If you know someone similar, realize that what they’re asking for isn’t just a matter of the time or effort it will take you to complete the task. It’s also about the opportunity cost involved — the benefit you are giving up by spending your time and energy doing whatever’s been asked of you instead. It’s the opportunity you’re missing out on by taking a left when you planned on turning right.
For example, let’s say I planned on spending a free hour writing a new post for my blog so I can stick to my publishing schedule and Miss Asker shows up expecting me to do her a favor instead. The opportunity cost of doing what she wants is the blog post that won’t be written, as well as any additional benefits that might have come from getting it posted on time.
That said, it’s fine to change your plans to do something for someone else. Just make sure it’s what you really want to do and that the associated opportunity cost isn’t too high.
Let each yes be its own thing.
I used to have this online acquaintance who was also a writer. We initially connected on Facebook through my husband, and at the time, he was very eager to get some exposure for a book he’d just self-published. I was curious about his writing, had some free time, and was in the mood to do a good deed, so I offered to help him market it a little in exchange for a free copy. He took me up on it and was very grateful for the help.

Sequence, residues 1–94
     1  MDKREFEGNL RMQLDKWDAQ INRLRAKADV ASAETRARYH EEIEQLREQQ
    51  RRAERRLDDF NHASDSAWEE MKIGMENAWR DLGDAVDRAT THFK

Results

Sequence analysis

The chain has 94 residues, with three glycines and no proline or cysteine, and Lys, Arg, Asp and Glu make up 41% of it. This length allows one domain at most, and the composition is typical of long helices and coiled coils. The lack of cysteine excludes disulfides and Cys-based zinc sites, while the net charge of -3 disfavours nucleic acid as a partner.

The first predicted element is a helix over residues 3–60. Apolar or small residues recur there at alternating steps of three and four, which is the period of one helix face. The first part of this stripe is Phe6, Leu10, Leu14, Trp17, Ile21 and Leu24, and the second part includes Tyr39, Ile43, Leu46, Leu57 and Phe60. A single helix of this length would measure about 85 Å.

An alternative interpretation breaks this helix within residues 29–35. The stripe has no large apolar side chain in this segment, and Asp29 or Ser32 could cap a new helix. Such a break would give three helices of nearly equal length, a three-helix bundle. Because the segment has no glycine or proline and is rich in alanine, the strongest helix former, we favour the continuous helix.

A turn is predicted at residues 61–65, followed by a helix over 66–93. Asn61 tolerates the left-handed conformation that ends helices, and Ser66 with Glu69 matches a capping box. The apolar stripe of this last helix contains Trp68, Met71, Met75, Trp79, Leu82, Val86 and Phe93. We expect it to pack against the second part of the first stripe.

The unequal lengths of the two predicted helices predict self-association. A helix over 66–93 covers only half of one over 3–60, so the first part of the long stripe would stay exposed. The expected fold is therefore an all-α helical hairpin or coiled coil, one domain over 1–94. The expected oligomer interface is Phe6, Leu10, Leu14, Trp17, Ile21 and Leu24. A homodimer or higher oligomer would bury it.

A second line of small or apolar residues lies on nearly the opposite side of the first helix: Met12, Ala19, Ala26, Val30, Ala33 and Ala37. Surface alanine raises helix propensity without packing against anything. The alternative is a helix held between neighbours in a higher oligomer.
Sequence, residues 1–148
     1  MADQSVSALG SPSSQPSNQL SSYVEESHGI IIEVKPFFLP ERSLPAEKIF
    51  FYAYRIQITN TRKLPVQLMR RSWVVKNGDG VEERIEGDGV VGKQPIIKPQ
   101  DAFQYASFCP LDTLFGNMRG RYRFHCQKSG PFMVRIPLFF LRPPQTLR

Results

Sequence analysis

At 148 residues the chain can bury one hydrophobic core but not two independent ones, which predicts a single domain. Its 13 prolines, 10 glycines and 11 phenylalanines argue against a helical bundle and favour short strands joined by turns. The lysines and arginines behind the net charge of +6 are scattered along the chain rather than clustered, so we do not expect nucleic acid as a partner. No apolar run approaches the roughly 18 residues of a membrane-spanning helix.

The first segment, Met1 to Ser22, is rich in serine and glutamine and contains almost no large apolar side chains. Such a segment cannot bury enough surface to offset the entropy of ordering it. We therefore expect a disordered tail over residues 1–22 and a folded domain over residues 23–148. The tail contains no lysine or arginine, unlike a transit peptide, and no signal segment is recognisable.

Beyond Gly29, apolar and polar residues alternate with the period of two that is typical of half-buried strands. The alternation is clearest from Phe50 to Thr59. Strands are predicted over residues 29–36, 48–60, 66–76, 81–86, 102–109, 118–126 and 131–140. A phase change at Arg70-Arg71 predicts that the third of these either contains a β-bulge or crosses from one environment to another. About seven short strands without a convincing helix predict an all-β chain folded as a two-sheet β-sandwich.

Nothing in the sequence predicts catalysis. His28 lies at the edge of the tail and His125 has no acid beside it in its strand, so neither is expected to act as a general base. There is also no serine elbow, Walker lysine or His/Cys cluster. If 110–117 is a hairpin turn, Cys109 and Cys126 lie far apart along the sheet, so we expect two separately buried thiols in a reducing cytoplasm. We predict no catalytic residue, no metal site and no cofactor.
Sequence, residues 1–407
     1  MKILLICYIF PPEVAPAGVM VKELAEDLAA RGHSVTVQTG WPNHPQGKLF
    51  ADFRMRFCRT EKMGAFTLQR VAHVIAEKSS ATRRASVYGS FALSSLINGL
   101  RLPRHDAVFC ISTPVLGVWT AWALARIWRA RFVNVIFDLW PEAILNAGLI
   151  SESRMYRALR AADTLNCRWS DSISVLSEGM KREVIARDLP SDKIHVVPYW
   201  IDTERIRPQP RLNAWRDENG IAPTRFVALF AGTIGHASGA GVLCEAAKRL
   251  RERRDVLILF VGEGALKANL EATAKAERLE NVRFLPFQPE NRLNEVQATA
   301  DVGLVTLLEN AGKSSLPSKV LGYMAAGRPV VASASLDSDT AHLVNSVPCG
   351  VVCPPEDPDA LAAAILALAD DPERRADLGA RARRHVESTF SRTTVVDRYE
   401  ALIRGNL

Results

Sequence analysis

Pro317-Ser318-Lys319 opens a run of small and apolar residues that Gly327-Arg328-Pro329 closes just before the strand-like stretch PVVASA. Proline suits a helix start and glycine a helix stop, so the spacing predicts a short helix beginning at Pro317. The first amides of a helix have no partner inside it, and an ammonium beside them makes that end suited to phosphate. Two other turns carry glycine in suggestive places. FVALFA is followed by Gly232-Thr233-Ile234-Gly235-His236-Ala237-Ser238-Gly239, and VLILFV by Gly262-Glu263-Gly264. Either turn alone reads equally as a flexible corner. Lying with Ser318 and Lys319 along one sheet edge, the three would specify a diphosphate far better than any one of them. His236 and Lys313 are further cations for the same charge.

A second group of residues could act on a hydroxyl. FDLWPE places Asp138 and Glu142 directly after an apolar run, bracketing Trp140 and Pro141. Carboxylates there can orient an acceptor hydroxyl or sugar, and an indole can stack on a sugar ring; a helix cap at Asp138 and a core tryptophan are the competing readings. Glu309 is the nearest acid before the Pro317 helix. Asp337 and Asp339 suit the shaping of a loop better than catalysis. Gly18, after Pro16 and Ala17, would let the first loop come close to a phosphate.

Cut to maybe a year or so down the line. This same guy had written another book by then and came to me to ask me to repeat the favor I did for him before. Unfortunately for him, I didn’t have as much open room in my schedule as I did the first time. I was spread very thin between work and my personal responsibilities, so I did not have the time or mental bandwidth to read, review, and market another book for free.
When I politely told him as much, he wasn’t happy. He legitimately felt that since I could find the time to help him before, I could do it again if I really wanted to. He thought doing him one favor meant I owed him another one. That attitude (and the entitlement that came with it) didn’t work for me at all, and it ultimately wound up ending that friendship.
Saying “yes” to something once by no means requires you to keep saying it to future requests until the end of time. You’re allowed to change your mind or rearrange your priorities, and you shouldn’t let anyone tell you otherwise.
Practice makes perfect.
The more often you do something, the easier it becomes and the more natural it starts to feel. As someone raised to be a people pleaser who never put herself first, it took me a long time to get comfortable putting my foot down and saying “no.” Yeah, it was anxiety-inducing and borderline terrifying at first. But it got a lot better reasonably quickly.
I had gotten tired of the chronic resentment I felt toward the people in my life who took up all my time and resources just because they could. I was sick of missing out on things I wanted to do with my time because I was too busy doing things for people who couldn’t have cared less that they were putting me out. Once I realized “no” had the power to give me my life back, I got a lot more comfortable saying it. Now it comes naturally without my having to think about it much.
At the end of the day, you only have one life to live. You’re the one who decides how you’re going to spend the limited amount of time that’s allotted to you. Save your yeses for things that will genuinely add value to your life. It’s worth it.